w w w . L a w y e r S e r v i c e s . i n

Laila Bai v/s The Government of Tamil Nadu, Rep. by its Secretary, Tamilnadu Municipal Administration & Water Supply Department, Chennai & Others

Company & Directors' Information:- F & G SUPPLY PRIVATE LIMITED [Active] CIN = U51900DL2012PTC239188

    W.P.(MD). No. 7789 of 2015 & M.P(MD). Nos. 2 & 3 of 2015

    Decided On, 09 December 2020

    At, Before the Madurai Bench of Madras High Court


    For the Petitioner: M.R. Sreenivasan, Advocate. For the Respondents: P. Mahendran, Additional Government Pleader.

Judgment Text

(Prayer: Writ Petition filed under Article 226 of the Constitution of India, to issue a Writ of Certiorarified Mandamus, calling for the records pertaining to the impugned order in Letter No.23736/Paru.1/2014-2, dated 09.10.2014 of the 1st Respondent and quash the same and direct the 1st respondent to issue appointment order to the petitioner as Technical Assistant as per the G.O.Ms.No.183, Municipal Administration and Water Supply Department, dated 19.09.2008 and to regularize the petitioner's service as Technical Assistant.)

1. The order passed by the 1st respondent dated 09.10.2014, is sought to be quashed.

2. The claim of the Writ Petitioner for grant of regularization was rejected. The impugned order itself was issued based on the directions issued by this Court in W.P.(MD)No.10226 of 2009, dated 19.03.2013. The reasons stated in the impugned order reads as under;-

“3. “TAMIL”

3. The petitioner was appointed as Technical Assistant by the 3rd respondent in the year 1998. The order of appointment enclosed in page No.1 of the typed set of papers reveals that a Resolution was passed by the Chairman, Ezhudesam Town Panchayat. However, there is no order of appointment issued in accordance with the procedures contemplated. The Writ Petitioner was not appointed through a selection process. The initial appointment of the writ petitioner was on temporary basis and it was irregular. The post of Technical Assistant is governed under the Service Rules and the initial appointment of the writ petitioner was not in accordance with the Service Rules in force. She continued as a temporary employee and the grievances of the writ petitioner is that her case was not considered with reference to the G.O.(Ms)No.183, dated 19.09.2008.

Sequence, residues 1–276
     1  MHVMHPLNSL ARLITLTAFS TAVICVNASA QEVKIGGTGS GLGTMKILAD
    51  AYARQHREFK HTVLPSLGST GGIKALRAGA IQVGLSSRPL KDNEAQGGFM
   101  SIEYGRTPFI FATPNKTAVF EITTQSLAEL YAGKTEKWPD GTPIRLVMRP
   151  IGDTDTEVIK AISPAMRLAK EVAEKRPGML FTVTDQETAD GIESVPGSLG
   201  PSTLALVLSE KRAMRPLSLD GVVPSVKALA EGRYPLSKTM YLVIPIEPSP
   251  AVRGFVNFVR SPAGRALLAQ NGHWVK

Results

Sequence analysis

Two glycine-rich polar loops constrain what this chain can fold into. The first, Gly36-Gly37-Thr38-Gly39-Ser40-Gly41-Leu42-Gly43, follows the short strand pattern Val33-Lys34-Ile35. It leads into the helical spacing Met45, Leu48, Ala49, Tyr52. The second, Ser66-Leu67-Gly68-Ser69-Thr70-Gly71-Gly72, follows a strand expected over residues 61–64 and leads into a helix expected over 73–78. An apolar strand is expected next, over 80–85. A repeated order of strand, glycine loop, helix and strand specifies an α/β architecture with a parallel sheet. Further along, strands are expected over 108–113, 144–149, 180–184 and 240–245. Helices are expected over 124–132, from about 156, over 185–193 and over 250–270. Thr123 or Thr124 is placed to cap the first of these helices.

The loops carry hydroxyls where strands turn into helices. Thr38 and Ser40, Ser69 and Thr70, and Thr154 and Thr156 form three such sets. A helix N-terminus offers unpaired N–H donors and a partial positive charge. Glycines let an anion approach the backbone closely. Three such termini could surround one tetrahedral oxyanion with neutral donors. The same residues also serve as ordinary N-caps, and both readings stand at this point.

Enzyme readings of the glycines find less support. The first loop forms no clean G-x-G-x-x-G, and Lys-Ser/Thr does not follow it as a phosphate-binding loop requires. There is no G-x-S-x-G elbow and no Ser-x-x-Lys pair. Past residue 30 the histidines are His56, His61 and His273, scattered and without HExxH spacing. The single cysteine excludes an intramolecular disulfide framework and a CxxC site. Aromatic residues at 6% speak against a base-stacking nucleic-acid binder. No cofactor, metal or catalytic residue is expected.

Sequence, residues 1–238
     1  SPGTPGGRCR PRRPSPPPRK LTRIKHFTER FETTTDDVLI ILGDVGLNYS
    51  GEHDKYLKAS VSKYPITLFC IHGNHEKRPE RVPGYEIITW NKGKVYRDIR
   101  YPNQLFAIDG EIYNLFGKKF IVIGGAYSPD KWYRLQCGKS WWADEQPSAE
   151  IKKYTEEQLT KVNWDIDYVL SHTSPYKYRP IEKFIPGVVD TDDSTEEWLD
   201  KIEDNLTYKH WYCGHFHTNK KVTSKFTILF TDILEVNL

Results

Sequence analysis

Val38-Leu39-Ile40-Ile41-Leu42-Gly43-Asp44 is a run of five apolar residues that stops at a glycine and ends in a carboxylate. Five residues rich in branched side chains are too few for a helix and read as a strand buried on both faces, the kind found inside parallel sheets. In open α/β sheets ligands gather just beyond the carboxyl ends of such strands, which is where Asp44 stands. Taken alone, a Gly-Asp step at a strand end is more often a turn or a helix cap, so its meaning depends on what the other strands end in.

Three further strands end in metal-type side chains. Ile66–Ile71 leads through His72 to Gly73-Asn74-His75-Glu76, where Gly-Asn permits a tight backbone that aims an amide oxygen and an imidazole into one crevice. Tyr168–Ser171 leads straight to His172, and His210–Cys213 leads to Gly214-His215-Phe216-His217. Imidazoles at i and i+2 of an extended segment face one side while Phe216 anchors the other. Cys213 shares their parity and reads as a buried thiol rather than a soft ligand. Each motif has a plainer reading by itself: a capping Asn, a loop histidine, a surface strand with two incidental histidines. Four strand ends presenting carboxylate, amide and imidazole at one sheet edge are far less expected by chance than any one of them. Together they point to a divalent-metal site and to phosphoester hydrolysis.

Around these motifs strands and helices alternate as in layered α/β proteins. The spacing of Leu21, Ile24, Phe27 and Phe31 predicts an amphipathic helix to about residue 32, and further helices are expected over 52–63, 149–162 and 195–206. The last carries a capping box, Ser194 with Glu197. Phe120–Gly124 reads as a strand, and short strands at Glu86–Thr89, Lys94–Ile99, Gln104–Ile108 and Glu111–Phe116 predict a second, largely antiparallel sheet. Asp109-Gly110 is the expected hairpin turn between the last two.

4. The learned counsel for the petitioner reiterated that the similarly placed persons were considered and accordingly, the benefit of regularization was granted, however, the case of the writ petitioner alone was not considered.

5. The learned Additional Government Pleader, appearing on behalf of the respondents, referring para 8 of the counter states that the petitioner has involved in certain serious misconduct and the details are narrated in para 8 of the counter. which reads as follows:-“8. ... There was lapses and misappropriation found the work metalling the Narayanapethalai to Panavilagam Road and there retaining walls constructed by the side of the above said road and executed substandard work and entered boosted measurement in the M.Book related to the above said work and caused wrongful loss to the Government to the extent of an approximate amount of Rs.1,60,173.51. All the persons who were holding the permanent employment in the Government and involved in the above misconduct in different ranks have been issued with charge memo....”

6. Irrespective of the fact that the petitioner was facing certain allegations, this Court is of the considered opinion that the irregularity occurred in the initial appointment of the writ petitioner as technical Assistant cannot be cured at all. Grant of regularization and permanent absorption is now regulated by the Constitution Bench of the Hon'ble Supreme Court of India in the case of State of Karnataka V. Umadevi reported in (2006 (4) SCC 1). Based on the said Judgment of the Apex Court, this Court also passed several orders and in W.P.No.3325 of 2019, dated 05.02.2019 and the relevant paragraphs are extracted hereunder :

“6. This being the factum, the benefit of relaxation or permanent absorption cannot be granted in favour of the writ petitioner in view of the legal principles settled by the Hon'ble Supreme Court of India, more specifically, by the Constitution Bench in the case of the State of Karnataka Vs. Umadevi reported in 2006 [4] SCC 1 wherein the Constitutional Bench of the Hon'ble Supreme Court has observed as follows: